Curious case of destructure on reference

Hey, fellas. I have a problem with rust that I cannot convince it to move a value out of mutable reference and then rewrite it to point to a fresh object. Basically, it's this snippet that troubles me.

struct Smth(u32);
fn mutate(val: &mut Smth) {
  let loc@Smth(thing) = val;
  let _ = thing;
  *loc = Smth(0);
}

Compiler keep nudging me that I use moved value. How do you deal with this? Certainly there is a way, right?

Binding modes are making this painful. If you want thing to be a u32, you could do

    let ref mut loc @ Smth(thing) = *val;

But in general I think this binding is confusing and that you should do one of

    let loc = val; // Assuming you want the new name for some specific reason
    let thing /* : u32 */ = loc.0;

Same thing basically:

    let thing /* : u32 */ = val.0;
    let loc = val; // Assuming you want the new name for some specific reason

Or if you want thing to be a &mut u32:

    let loc = val; // Assuming you want the new name for some specific reason
    let thing /* : &mut u32 */ = &mut loc.0;

In this last case, once you use loc again, you can't use thing anymore.

For any of these, you could do

    let loc = &mut *val;

In order to reborrow val instead of moving it.


On a higher level, this is an example of "match ergonomics" being unergonomic / confusing. Another name for the behavior is "binding modes". You can read some documentation on binding modes here.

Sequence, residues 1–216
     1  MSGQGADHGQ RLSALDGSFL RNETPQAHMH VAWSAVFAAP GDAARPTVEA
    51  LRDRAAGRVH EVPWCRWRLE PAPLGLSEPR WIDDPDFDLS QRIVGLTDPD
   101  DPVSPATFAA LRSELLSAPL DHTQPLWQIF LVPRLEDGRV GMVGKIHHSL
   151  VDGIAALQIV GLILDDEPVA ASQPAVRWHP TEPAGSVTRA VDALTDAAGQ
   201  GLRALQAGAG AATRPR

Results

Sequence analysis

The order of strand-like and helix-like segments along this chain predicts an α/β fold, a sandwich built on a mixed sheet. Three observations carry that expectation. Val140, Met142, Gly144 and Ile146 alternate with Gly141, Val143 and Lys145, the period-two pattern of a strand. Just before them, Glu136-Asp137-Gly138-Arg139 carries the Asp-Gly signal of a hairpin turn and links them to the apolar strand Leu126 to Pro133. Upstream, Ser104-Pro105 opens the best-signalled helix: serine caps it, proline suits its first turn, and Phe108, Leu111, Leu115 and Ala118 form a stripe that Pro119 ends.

In your original, your non-reference pattern loc made the default binding mode ref mut, so on the inside, thing was taken to be a &mut u32. However, it couldn't reconcile the borrow on the inside with moving val into loc (where is above, the borrow on the inside is taken after the move). One fix is to first move val and then mutably borrow the contents from loc.

This non-working version is similar, but it acts on a reborrow of val instead of a move. It still doesn't work because both bindings are trying to borrow from val, as opposed to thing borrowing from loc, say.

    let ref mut loc @ Smth(ref mut thing) = *val;

Similar to before, one possible fix is to first make loc a reborrow, and then to borrow thing from inside loc.

And finally, the working version where thing is a u32 works because the outermost ref mut disables the resetting of the default binding mode; it remains "move", so thing is taken to be a u32.

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Thinking about it a minute more (naturally), you can also do this:

    let loc @ &mut Smth(thing) = val;

thing is again a u32 and loc is a &mut Smth, but val has been moved and not reborrowed. Similar to before, the use of &mut prevents resetting the default binding mode.

Here's a good article which may make this version more clear.

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